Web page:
Disclosures

The authors declare no conflicts of interest.

References

1. T. Tomie, “X-ray lens,” Japanese patent 6-045288 (February 18, 1994); U.S. patents 5,594,773 (January 14, 1997) and 5,684,852 (1997).

2. A. Snigirev, V. Kohn, I. Snigireva, and B. Lengeler, “A compound refractive lens for focusing high-energy X-rays,” Nature 384(6604), 49–51 (1996). [CrossRef]  

3. B. Lengeler, C. G. Schroer, M. Kuhlmann, B. Benner, T. F. Gunzler, O. Kurapova, A. Somogyi, A. Snigirev, and I. Snigireva, “Beryllium parabolic refractive x-ray lenses,” AIP Conf. Proc. 705, 748–751 (2004). [CrossRef]  

4. B. Lengeler, C. G. Schroer, B. Benner, A. Gerhardus, T. F. Gunzler, M. Kuhlmann, J. Meyer, and C. Zimprich, “Parabolic refractive x-ray lenses,” J. Synchrotron Radiat. 9(3), 119–124 (2002). [CrossRef]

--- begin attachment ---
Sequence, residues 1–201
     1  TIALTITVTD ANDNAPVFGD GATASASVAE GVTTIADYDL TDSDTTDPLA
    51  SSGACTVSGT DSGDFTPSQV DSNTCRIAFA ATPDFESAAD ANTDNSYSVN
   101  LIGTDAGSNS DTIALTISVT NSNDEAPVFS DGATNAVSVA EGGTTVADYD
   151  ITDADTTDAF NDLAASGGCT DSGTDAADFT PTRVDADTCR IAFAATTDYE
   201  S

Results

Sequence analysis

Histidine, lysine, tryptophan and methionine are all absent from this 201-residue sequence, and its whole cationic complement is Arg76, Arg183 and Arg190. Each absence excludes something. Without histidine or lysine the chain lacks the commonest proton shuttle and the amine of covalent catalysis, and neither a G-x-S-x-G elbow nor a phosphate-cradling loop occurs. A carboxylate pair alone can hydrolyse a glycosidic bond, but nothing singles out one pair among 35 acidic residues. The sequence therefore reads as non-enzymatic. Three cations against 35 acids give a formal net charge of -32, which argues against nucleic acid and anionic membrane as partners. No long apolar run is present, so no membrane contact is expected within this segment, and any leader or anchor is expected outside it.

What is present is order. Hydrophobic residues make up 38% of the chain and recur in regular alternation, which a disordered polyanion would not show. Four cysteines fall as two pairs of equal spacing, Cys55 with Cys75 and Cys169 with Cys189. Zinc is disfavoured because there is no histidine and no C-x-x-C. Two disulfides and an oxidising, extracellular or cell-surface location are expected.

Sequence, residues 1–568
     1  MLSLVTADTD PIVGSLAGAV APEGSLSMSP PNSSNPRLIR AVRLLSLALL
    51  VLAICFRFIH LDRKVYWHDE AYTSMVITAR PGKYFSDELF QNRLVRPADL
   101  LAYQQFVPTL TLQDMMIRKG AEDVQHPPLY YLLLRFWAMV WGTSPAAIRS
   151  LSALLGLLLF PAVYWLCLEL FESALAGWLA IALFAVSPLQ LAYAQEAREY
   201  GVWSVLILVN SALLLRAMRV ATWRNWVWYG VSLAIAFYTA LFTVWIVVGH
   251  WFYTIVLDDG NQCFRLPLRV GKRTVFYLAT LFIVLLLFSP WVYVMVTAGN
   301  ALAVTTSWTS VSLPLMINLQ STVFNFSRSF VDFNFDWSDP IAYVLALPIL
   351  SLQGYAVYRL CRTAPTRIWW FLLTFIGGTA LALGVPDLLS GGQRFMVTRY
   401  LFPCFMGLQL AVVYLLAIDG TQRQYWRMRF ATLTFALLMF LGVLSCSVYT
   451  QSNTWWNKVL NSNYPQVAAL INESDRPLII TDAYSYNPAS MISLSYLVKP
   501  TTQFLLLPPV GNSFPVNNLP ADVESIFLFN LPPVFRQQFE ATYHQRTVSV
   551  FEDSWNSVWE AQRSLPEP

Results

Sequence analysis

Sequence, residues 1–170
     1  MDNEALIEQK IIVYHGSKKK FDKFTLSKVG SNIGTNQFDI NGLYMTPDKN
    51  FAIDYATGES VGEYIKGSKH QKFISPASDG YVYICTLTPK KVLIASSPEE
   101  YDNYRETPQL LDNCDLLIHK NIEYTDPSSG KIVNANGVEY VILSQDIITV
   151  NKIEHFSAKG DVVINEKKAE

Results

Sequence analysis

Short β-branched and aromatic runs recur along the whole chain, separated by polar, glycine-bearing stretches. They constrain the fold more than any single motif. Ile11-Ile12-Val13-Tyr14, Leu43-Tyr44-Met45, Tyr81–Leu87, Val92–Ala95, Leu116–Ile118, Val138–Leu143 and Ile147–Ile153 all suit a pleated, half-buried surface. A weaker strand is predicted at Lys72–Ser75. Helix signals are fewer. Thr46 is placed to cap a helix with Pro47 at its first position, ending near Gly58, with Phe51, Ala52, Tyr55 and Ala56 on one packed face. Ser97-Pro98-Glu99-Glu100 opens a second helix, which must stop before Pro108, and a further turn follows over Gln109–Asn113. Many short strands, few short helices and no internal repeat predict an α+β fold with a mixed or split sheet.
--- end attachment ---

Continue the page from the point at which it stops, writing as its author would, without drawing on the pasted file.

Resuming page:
5. A. Stein, K. Evans-Lutterodt, N. Bozovic, and A. Taylor, “Fabrication of silicon kinoform lenses for hard x-ray focusing by electron beam lithography and deep reactive ion etching,” J. Vac. Sci. Technol., B: Microelectron. Nanometer Struct.--Process., Meas., Phenom. 26(1), 122–127 (2008). [CrossRef]  

6. B. Nhammer, C. David, H. Rothuizen, J. Hoszowska, and A. Simionovici, “Deep reactive ion etching of silicon and diamond for the fabrication of planar refractive hard x-ray lenses,” Microelectron. Eng. 67-68, 453–460 (2003). [CrossRef]  

7. Y. Ohishi, A. Q. R. Baron, M. Ishii, T. Ishikawa, and O. Shimomura, “Refractive x-ray lens for high pressure experiments at SPring-8,” Nucl. Instrum. Methods Phys. Res., Sect. A 467-468, 962–965 (2001). [CrossRef]  

8. F. Marschall, A. Last, M. Simon, M. Kluge, V. Nazmov, H. Vogt, M. Ogurreck, I. Greving, and J. Mohr, “X-ray full field microscopy at 30 keV,” J. Phys.: Conf. Ser. 499, 012007 (2014). [CrossRef]